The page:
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Treefrog

Career aspirations: when is it time to stop?

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MKBmom

My DD is 16 and a Jr.  This SI audition season was tough.  She got into three programs, waitlisted for three others, and a no thank you from one.  Each no/waitlist was a blow to her, many tears were shed and doubts expressed about if she has what it takes to make it professionally.  Her current aspirations are a university program where she can pursue ballet and possible double major in pre PT.  

Her ultimate dream would be to dance with a company.  

As a parent I don't want to give her false hope we have had teachers tell her she does have what it takes to be a dancer.  Do I continue to encourage her to keep going to pursue these dreams (I don't want her to regret giving up down the road)?  

TIA!

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dancingjet

Been there, felt that! I don’t think supporting her is giving her false hope. She’s going to be her harshest critic most likely anyway. She got into 3 programs, so on some level something is working. Keep taking things one year, even one semester, at a time. If her teachers see something in her then it may just mean getting in front of the right person at the right time. She didn’t have 7 rejections, after all! I know it’s hard. I’ve questioned things many a time, but DD is figuring it out and her ideas of what a gratifying career in ballet seem to be evolving as she matures. Edited to add that as long as my DD is pursuing her dream with passion but also a level head, I’m more than willing to support her. 

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MKBmom

Thank you dancingjet.   Her tears are more than enough to break this mama's heart.   I don't want her to ever regret not going full out to attain her dreams while at the same time I don't want her to look back and feel she missed out on her teenage years.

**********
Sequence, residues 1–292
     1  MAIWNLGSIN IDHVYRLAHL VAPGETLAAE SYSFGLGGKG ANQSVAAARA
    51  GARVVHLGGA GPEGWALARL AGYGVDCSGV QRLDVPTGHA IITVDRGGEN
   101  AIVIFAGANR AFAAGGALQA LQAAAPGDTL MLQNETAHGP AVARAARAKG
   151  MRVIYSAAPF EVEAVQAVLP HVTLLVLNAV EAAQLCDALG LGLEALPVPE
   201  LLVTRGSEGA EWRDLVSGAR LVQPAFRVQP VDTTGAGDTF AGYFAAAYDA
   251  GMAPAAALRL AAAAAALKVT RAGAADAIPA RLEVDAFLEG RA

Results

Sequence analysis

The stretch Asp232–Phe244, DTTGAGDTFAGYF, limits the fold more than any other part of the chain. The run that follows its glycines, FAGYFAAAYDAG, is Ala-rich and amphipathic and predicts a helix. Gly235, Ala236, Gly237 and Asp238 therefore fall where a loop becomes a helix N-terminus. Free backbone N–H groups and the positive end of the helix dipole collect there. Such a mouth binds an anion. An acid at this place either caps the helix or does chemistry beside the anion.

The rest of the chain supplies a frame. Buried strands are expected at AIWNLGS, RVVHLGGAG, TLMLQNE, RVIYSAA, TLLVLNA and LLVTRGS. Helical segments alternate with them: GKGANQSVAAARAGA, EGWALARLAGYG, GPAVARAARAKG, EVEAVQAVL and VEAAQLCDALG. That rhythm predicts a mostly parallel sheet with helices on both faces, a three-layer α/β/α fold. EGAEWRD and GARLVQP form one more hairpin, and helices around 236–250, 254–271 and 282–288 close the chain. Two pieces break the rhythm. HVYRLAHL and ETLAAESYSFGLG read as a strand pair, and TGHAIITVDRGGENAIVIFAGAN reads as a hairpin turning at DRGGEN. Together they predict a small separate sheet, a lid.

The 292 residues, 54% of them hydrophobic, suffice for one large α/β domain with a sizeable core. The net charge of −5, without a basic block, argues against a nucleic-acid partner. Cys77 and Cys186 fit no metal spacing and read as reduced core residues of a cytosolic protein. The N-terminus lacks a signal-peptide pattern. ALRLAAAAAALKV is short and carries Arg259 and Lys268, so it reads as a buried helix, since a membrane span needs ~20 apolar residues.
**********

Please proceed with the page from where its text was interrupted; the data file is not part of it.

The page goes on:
Oh to be the perfect parent.....

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popsicle1010

It sounds to me like you are being a great parent!  Hang in there.  :)

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Eligus
On ‎3‎/‎6‎/‎2019 at 5:17 PM, MKBmom said:

I don't want her to ever regret not going full out to attain her dreams while at the same time I don't want her to look back and feel she missed out on her teenage years.

This is exactly what a perfect parent wants and does... you're already being the "perfect" parent by weighing these considerations.

This desire is also why it is EXTREMELY important that SHE makes the decisions about what she will pursue, and for how long, and where. 

That means if she's not worried about "missing out" on her teenage years, then don't place that worry (which might be really just your worry -- I'm not sure, only she can answer that) on her. 

Over the years of raising a dancer, I've learned that I did NOT want to become an obstacle to her pursuing her dreams, and not being an obstacle was more difficult than I realized at first.  In order to get out of her way, I had to control my OWN fears and worries about her path, and just let her figure out what path she wanted to take.  I had to NOT protect her from the hard things because that "protection" was only limiting her from experiencing the possibility of the good things.